- The CDC says getting the flu vaccine in September isn’t advised because it may not be as effective during the worst of the flu season.
- The body needs about 2 weeks after receiving the shot to create antibodies that can protect against influenza.
- Experts are advising people to get a flu shot so that they are at less risk of getting both COVID-19 and the flu this winter.
Pharmacies are stocking up on flu shots as they anticipate more people will get vaccinated this year. Although the vaccine is available now, it’s not the best time to receive it.
Recent guidance from the Centers for Disease Control and Prevention (CDC) says getting vaccinated in August is too early — especially for older folks — because it may reduce your protection later on during flu season.
Your body needs about 2 weeks after you receive the shot to create antibodies that can protect you from influenza.
The CDC says September and October are “good times to get vaccinated.” Shots should continue as long as the flu virus circulates, even if that’s during January or later.
One major change to this year’s vaccine is that the high-dose flu vaccine for people over the age of 65 will cover four strains this year instead of three.
Receiving a vaccine may be challenging this year, according to Lawrence O. Gostin, a professor and director of the O’Neill Institute for National and Global Health Law at Georgetown University in Washington D.C.
He’s also the director of the World Health Organization (WHO) Collaborating Center on National and Global Health Law. His report in JAMA outlined strategies to increase vaccination this fall, citing the chance for dual epidemics.
Gostin fears more people won’t be likely to get a flu shot this year.
“The usual places that we give flu vaccines are in schools, colleges, and the workplace,” he explained. “Many of these venues will be entirely or partially closed, making it harder to get a flu shot.”
Gostin also said more people may flood the health system this year when they have flu symptoms, as they may fear the illness could be COVID-19.
“The main fear, however, is that with all this disease from the two viruses, we will overwhelm the health system,” he added.
Dr. Daniel H. Solomon, an associate physician at Brigham and Women’s Hospital in Boston, thinks the pandemic may force people to seek care for symptoms they would have ignored in the past.
That’s not necessarily a bad thing, according to Solomon. Anyone with respiratory symptoms should get tested for COVID-19 even if the symptoms are mild.
“This will be important to stem outbreaks by identifying cases, tracing contacts, and ensuring appropriate quarantine,” he said.
“I don’t think that [new coronavirus] testing necessarily needs to (or should) happen at a doctor’s office,” Solomon said.
“Drive-through testing sites or home testing would be good alternatives so people can get tested without exposing other people in a healthcare setting.”
Flu vaccination during a pandemic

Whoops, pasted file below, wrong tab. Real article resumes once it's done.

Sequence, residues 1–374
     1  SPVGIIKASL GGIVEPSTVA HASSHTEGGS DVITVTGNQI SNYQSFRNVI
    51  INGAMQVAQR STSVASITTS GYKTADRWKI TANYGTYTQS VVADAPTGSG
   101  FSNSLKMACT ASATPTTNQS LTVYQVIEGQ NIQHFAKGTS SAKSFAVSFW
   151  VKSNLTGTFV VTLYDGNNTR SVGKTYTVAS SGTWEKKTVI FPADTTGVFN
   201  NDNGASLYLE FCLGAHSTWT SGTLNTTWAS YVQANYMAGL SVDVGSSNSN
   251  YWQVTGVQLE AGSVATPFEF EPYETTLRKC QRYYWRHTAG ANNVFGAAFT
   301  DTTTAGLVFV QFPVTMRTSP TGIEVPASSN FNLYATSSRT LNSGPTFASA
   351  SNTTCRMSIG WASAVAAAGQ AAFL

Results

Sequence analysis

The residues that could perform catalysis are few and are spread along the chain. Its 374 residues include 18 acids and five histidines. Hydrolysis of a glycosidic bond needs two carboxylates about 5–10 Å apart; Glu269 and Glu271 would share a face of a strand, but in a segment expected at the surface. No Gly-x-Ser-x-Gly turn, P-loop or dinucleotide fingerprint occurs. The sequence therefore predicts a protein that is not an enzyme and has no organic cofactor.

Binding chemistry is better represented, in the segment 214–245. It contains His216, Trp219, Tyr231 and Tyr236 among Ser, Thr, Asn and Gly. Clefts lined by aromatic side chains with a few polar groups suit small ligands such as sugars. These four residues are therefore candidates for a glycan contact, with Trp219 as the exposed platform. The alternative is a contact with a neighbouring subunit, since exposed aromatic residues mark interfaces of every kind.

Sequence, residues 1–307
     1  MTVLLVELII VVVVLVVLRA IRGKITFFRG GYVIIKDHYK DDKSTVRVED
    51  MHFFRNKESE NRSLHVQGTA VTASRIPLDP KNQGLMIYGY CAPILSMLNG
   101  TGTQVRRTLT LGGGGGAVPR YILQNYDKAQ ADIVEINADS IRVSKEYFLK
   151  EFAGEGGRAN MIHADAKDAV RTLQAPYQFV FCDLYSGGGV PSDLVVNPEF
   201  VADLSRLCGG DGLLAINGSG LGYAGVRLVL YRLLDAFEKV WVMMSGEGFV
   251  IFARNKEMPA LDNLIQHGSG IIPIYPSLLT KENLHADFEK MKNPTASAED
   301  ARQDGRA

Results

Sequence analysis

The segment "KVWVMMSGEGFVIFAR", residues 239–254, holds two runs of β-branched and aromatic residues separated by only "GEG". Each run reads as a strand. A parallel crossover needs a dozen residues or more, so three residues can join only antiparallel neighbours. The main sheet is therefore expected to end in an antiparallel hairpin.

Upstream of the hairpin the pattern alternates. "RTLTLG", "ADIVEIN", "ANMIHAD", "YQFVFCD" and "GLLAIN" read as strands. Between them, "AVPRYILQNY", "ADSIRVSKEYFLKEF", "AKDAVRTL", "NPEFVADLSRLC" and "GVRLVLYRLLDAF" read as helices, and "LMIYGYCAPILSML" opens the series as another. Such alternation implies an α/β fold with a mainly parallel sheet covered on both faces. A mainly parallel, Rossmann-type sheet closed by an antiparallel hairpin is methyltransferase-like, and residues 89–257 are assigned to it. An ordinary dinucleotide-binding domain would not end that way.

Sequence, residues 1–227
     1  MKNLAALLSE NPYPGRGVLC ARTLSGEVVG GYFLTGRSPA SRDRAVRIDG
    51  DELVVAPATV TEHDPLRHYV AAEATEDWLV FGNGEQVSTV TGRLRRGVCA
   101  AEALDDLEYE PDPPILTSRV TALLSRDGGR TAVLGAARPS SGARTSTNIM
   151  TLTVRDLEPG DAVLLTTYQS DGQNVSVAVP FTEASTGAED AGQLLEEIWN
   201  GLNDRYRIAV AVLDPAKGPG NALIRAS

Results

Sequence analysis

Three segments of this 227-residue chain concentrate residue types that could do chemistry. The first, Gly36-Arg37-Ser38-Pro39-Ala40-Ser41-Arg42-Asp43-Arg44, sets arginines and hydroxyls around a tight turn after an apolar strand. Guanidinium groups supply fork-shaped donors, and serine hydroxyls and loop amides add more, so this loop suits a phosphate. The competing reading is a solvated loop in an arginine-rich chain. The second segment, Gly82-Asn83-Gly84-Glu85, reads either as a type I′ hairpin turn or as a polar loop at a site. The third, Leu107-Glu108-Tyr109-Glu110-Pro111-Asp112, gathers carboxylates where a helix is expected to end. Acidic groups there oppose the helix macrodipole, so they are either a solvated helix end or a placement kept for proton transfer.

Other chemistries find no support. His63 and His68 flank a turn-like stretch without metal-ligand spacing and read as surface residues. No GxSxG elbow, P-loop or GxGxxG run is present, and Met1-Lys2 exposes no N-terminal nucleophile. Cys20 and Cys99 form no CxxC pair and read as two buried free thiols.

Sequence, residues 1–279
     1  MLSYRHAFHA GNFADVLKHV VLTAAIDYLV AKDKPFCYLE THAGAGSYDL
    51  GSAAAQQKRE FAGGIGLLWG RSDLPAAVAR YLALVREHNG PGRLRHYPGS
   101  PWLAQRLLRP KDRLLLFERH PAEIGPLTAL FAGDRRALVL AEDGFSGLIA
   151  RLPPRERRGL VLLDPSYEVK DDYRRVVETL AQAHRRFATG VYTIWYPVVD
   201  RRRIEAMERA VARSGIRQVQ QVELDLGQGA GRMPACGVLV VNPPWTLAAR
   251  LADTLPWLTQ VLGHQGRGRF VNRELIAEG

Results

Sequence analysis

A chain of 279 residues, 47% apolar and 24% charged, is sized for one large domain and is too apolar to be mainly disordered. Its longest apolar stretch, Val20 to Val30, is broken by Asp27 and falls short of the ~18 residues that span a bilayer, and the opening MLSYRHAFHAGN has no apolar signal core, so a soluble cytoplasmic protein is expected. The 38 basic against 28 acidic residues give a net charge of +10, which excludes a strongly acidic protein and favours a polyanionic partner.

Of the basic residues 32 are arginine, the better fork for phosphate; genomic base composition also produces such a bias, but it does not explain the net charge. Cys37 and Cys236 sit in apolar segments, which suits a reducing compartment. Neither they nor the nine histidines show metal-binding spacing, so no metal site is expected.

We don’t know what to expect this flu season given the pandemic, making it especially important to get your influenza vaccine, said Stacey Schultz-Cherry, PhD, an infectious disease professor at St. Jude Children’s Research Hospital and deputy director of the WHO Collaborating Center for Studies on the Ecology of Influenza in Animals and Birds.
There is evidence that you can have influenza and COVID-19 at the same time, and those with coinfection have poorer outcomes. Other research found COVID-19 and respiratory syncytial virus (RSV) can also coexist.
“It is unknown how commonly this [dual infection] could occur, how it would impact disease severity, and what groups would be most susceptible,” Schultz-Cherry said.
“We have seen the impact that a bad flu season has on our health care system. I can’t imagine the effect that co-circulation of both viruses would have on our system.”
Receiving a flu shot could make it easier to tell if you have COVID-19 in the event you get sick, as both illnesses have similar symptoms.
“Getting the vaccine would decrease the chances that any disease signs are from a flu infection,” she said.
Citing a decrease in flu cases in the Southern Hemisphere, Dr. Ingrid T. Katz, associate faculty director of the Harvard Global Health Institute, said she was hopeful for a mild flu season in the United States.
“The precautions we are taking as a society to prevent acquiring COVID-19 [physical distancing, hand-washing, mask usage] is exactly the same way to prevent flu,” Katz told Healthline.
Flu shot supply and demand
Manufacturers have boosted flu shot production to meet the high demand for the season.
A record 175 million doses were distributed for the 2019–2020 season. That number will rise to between 194 million and 198 million doses for the upcoming season, the CDC reported.
Rite Aid raised vaccine doses by 40 percent. Walmart and Walgreens said they expect more demand this autumn, Reuters reported.
Walgreens anticipates demand to rise by 30 to 50 percent. CVS expects to dole out more than double the number of vaccines compared to other seasons, according to USA Today.
Flu shots in 2020
Getting a flu shot will look a little different this year. Walgreens and CVS will check people’s temperatures and screen them prior to administering the vaccine. They will wear face shields while giving the vaccine.
People won’t be vaccinated if they have a fever or other symptoms of illness, Walgreens noted.
Clinic visits may decline this fall because many people are using telemedicine, so health professionals need to be creative about ways for people to get vaccinated, Solomon said.
“This can look like drive-through vaccine sites [or] pop-up vaccine fairs in healthcare settings, schools, day cares, places of worship, and workplaces,” Solomon said.
“My feeling is that there is ‘no wrong door’ to get a vaccine, and any efforts to make them easily accessible will increase uptake in a community.”